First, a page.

Fiber Optic Dispersion testing was not necessary for most 2.5 Gig communication systems. However, as bit rates increase to 10 Gig and beyond (40 Gig & 100 Gig), fiber characterization, particularly dispersion testing, have become increasingly important. The acceptable tolerances for dispersion greatly decrease as the transmission speeds increase.

10 Gig Workaround?

Rather than install new fiber optic cable, which can be extremely costly, some service providers are upgrading their existing networks by implementing Dense Wave Division Multiplexing (DWDM) to increase their bandwidth and capacity to handle higher data rates. In a DWDM system, multiple wavelengths are transmitted down a single fiber. These faster data rates can result in higher bit error rates due to a phenomenon called “dispersion.”

What is Dispersion?

Dispersion is the broadening or spreading of a light pulse as it propagates through an optical fiber. This spreading causes bits to overlap making it difficult for the receiver to interpret the signal. Dispersion increases with distance and bit rate and it limits a network’s ability to transmit at higher speeds, degrades optical signal quality, and increases bit error rates.

Receiver Tolerance

Based on 1dB Power Penalty
2.5 Gb/s 16,000ps/nm
10 Gb/s 1,000ps/nm
40 Gb/s 60ps/nm

Compensating for Dispersion

Optical Fiber Dispersion testing can tell you if a legacy network can handle higher data rates before you invest a lot of money in equipment upgrades. Test results can also be used to create and implement a dispersion compensation plan. Such a plan may involve using DCF (dispersion compensating fiber) and RDF (reverse dispersion fiber) fibers, Bragg Gratings, decreasing impulse spectral width and implementing other remedies. Once the remedy is in place, the span must be re-verified.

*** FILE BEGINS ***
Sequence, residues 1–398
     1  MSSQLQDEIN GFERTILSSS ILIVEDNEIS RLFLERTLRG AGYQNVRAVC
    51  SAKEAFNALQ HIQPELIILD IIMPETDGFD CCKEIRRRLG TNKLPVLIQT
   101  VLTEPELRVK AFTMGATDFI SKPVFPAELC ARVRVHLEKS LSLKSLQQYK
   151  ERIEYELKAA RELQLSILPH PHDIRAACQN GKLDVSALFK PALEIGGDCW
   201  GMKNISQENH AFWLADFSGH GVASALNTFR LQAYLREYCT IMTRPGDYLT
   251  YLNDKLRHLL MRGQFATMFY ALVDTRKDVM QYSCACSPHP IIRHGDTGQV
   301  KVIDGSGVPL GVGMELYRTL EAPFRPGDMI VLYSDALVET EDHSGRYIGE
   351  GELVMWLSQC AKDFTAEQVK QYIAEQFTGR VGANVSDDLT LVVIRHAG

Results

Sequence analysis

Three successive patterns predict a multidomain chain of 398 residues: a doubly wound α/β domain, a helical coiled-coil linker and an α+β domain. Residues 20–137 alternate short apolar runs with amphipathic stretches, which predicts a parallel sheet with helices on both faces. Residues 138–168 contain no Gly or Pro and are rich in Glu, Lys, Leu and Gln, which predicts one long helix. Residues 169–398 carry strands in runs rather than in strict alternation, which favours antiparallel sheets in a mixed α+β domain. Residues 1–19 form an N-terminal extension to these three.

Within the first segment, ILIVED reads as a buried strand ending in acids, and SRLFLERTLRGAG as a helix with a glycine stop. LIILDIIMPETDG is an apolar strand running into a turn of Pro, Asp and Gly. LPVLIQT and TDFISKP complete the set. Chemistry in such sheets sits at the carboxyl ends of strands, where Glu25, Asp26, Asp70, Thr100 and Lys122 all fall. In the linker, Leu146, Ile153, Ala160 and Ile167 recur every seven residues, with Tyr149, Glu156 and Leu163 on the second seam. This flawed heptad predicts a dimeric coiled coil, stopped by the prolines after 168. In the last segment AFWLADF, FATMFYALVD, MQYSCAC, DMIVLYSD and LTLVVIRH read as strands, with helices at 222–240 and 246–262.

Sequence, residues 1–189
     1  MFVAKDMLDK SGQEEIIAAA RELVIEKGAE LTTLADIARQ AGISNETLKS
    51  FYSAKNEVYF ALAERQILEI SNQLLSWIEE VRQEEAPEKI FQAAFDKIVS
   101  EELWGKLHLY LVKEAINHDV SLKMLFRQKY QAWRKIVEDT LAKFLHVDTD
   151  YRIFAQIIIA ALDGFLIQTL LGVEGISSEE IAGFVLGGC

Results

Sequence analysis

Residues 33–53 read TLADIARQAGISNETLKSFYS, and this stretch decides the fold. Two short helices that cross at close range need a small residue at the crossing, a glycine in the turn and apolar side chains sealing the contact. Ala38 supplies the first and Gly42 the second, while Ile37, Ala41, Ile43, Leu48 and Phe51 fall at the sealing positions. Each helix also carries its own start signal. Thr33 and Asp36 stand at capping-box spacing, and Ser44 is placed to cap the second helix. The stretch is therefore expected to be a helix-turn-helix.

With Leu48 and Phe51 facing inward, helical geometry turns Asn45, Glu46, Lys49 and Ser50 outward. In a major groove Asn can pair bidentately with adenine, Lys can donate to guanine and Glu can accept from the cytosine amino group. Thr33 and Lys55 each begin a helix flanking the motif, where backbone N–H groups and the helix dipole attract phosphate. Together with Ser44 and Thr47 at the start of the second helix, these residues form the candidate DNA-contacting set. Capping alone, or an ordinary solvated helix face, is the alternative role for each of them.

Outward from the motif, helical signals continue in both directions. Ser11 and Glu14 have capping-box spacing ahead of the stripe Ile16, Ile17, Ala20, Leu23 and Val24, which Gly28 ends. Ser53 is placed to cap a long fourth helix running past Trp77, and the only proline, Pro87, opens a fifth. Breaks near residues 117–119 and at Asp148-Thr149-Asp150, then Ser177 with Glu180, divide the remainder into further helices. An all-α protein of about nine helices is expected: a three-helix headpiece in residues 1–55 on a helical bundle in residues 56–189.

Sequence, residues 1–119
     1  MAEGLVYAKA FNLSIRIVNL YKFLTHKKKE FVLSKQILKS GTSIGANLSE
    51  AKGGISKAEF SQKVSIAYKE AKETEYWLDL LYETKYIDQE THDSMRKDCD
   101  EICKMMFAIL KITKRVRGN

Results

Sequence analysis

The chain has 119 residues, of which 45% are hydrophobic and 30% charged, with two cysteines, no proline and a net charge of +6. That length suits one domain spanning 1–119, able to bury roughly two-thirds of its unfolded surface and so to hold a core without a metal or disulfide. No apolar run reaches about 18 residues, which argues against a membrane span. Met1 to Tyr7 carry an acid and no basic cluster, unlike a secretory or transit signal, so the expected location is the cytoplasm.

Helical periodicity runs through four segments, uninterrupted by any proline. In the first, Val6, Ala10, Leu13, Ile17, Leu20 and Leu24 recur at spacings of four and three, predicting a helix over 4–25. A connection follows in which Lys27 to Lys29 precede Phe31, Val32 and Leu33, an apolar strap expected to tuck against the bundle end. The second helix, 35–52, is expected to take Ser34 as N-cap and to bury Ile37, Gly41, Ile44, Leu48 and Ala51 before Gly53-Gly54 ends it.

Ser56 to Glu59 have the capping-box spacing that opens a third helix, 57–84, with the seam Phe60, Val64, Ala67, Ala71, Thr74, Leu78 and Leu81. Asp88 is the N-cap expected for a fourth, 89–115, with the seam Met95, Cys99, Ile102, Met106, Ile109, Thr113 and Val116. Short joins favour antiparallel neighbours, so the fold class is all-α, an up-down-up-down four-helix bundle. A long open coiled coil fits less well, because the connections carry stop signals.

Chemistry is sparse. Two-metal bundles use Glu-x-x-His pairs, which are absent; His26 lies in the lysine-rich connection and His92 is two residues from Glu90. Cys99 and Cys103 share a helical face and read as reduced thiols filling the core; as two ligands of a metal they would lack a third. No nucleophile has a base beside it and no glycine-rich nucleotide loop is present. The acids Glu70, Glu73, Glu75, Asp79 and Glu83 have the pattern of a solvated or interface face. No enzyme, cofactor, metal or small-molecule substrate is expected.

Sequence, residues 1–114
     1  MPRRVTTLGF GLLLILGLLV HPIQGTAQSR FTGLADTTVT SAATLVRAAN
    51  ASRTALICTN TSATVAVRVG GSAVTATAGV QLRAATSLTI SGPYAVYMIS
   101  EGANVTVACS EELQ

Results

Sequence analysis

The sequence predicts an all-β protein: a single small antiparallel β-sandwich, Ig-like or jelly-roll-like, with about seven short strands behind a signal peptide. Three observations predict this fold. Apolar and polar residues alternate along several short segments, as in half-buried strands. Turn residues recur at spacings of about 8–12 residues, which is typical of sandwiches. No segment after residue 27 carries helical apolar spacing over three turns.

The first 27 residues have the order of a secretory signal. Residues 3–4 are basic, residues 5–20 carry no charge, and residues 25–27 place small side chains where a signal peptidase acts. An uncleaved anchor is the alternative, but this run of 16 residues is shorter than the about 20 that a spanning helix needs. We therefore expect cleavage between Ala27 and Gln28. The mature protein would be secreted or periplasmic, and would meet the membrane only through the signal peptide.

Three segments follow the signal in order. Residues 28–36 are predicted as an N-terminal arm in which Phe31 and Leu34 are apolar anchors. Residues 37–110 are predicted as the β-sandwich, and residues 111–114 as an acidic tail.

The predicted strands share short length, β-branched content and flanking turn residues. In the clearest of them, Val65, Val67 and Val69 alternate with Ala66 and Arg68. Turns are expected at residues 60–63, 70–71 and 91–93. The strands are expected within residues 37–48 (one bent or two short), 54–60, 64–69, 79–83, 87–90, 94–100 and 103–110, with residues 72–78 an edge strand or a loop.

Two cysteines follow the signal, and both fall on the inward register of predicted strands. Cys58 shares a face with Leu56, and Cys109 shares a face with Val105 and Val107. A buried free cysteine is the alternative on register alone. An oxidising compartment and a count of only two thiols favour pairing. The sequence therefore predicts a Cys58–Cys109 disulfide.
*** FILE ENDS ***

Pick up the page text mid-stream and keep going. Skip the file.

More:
Test equipment is available that can accurately measure dispersion. They typically use PC software for documentation and certification reporting.

Types of Dispersion

Chromatic Dispersion (CD)

A laser pulse contains several wavelengths of light, which travel down the fiber at different speeds. This difference in speed causes the laser pulse to spread out and bits to overlap making it difficult for the receiver to interpret. Chromatic Dispersion increases with fiber link distance and bit rate.

Polarization Mode Dispersion (PMD)

Light consists of two perpendicular waves. When light is sent down a fiber these waves travel two different paths (Polarization Modes).

Due to imperfections in the fiber from manufacturing and stresses applied to the fiber during installation, the light in each path travels at different speeds. Polarization Mode Dispersion creates a slow and a fast axis, which causes the pulse to distort or broaden. This broadening of the laser light pulse causes interference at the receiver which limits the network’s signal quality, its ability to transmit at higher speed, and causes signal blending making it difficult for the receiver to interpret. PMD increases with fiber link distance and bit rate.

PMD is not constant and varies over time due to stress and environmental changes. For example, a fiber installed along a railroad track will exhibit a different PMD value when the train is running (due to vibration) than on those days when there is no train. Therefore, PMD should be tested periodically to re-verify the PMD value of an installed fiber link.

Bit Error Rates (BER)

Since dispersion results in higher Bit Error Rates (BER), you should include BER in your testing routine. BER is the percentage of bits that have an error compared to the total number of bits received. The BER represents how often a data packet has to be re-transmitted due to errors.

A high Bit Error Rate increases the number of re-transmissions required. This in turn increases the amount of time needed to send data through the system, slowing transmission speeds. Bit Error Rate testing involves sending simulated data through a communication system and comparing the input data to the output data.